Candy-Flavored E-Cigarettes on the Rise: How the Tobacco Industry is Hooking the Next Generation with 16,000 Flavors

May 28, 2024
4 mins read
Men smoking cigarettes
Men smoking cigarettes

About 37 million adolescents aged 13 to 15 consume tobacco, and in many countries, the rate of electronic cigarette use among adolescents surpasses that of adults, according to the report “Hooking the Next Generation,” conducted by the World Health Organization (WHO) and STOP, a global tobacco industry watchdog.

The document, presented at a press conference, highlights how the tobacco and nicotine industry designs products, conducts marketing campaigns, and works to shape political environments to create addiction among young people worldwide. This report is published just before World No Tobacco Day, celebrated on May 31, during which the WHO amplifies the voices of young people calling on governments to protect them from becoming targets of the tobacco and nicotine industry.

In the WHO European Region, 20 percent of 15-year-olds surveyed reported using electronic cigarettes in the last 30 days. According to the report, 85 percent of young people aged 15 to 30 have been exposed to advertising about electronic cigarettes through media.

“Despite significant progress in reducing tobacco use, the emergence of e-cigarettes and other new tobacco and nicotine products present a grave threat to youth and tobacco control. Studies demonstrate that e-cigarette use increases conventional cigarette use, particularly among non-smoking youth, by nearly three times,” warned the WHO. Studies show that electronic cigarette use nearly triples the consumption of conventional cigarettes, especially among non-smoking youth.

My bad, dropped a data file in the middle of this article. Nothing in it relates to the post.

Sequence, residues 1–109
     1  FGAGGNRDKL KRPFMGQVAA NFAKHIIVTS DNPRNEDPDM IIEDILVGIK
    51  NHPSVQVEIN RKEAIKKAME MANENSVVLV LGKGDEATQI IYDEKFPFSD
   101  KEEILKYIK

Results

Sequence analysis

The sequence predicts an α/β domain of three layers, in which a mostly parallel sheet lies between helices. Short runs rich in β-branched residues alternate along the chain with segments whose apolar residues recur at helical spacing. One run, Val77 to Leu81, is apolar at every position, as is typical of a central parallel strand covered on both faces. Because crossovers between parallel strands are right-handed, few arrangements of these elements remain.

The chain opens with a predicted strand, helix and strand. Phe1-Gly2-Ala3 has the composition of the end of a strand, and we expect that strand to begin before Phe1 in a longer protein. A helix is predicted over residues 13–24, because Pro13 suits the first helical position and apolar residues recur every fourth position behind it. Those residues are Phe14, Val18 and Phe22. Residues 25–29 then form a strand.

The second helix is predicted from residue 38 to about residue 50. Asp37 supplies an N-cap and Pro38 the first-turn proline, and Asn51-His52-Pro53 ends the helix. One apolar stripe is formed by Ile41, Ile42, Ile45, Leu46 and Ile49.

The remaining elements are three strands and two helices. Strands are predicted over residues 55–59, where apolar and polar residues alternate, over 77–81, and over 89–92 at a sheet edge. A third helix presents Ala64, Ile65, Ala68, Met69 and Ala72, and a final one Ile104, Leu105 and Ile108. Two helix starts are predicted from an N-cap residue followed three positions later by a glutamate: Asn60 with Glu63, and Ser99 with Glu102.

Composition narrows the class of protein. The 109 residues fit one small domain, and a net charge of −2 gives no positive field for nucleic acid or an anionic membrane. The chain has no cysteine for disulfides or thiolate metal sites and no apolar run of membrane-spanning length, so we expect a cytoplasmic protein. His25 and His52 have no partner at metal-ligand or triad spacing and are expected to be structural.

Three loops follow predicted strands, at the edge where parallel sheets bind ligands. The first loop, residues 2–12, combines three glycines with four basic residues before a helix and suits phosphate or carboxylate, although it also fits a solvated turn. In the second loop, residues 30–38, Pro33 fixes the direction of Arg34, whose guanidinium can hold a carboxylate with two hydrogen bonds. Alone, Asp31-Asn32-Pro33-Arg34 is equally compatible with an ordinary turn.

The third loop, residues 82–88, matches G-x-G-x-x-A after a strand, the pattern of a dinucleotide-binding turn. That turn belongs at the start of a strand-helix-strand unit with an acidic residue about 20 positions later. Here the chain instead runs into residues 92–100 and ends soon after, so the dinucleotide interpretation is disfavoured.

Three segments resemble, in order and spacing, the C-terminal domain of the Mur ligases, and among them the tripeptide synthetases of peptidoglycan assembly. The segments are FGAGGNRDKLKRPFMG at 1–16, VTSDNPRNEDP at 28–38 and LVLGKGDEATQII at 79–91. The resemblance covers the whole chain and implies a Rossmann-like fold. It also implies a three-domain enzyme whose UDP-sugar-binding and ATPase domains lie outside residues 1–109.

“History is repeating, as the tobacco industry tries to sell the same nicotine to our children in different packaging,” stated WHO Director-General Dr. Tedros Adhanom Ghebreyesus. In total, 8 million deaths worldwide are associated with tobacco. “These industries are actively targeting schools, children and young people with new products that are essentially a candy-flavoured trap. How can they talk about harm reduction when they are marketing these dangerous, highly-addictive products to children?” he questioned.

“The use of child-friendly flavours like cotton candy and bubblegum, combined with sleek and colourful designs that resemble toys, is a blatant attempt to addict young people to these harmful products.,” explained WHO Director of Health Promotion, Ruediger Krech. This expert estimated that there are 16,000 different flavors in the electronic cigarette market.

According to the WHO, these “deceptive” tactics highlight the “urgent need” for “strict” regulation to protect young people from a life of “harmful dependency.” Therefore, the United Nations health agency urges governments to protect young people from tobacco, electronic cigarettes, and other nicotine products by banning or “strictly” regulating them.

Among the WHO recommendations are the creation of 100 percent smoke-free indoor public places; the prohibition of flavored electronic cigarettes; the ban on marketing, advertising, and promotion targeting youth; increasing taxes; raising public awareness of industry deceptive tactics, and supporting youth-led education and awareness initiatives.

“Addicted youth represent a lifetime of profits to the industry,” said Jorge Alday, STOP Director at Vital Strategies. “That’s why the industry aggressively lobbies to create an environment that makes it cheap, attractive and easy for youth to get hooked. If policy makers don’t act, current and future generations may be facing a new wave of harms, characterized by addiction to and use of many tobacco and nicotine products, including cigarettes,” he warned.